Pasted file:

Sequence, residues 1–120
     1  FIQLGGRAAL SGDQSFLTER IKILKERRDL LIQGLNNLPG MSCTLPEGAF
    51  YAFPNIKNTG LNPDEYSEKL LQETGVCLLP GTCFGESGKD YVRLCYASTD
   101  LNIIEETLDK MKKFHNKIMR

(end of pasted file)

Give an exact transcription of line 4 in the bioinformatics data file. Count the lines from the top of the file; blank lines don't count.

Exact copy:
   101  LNIIEETLDK MKKFHNKIMR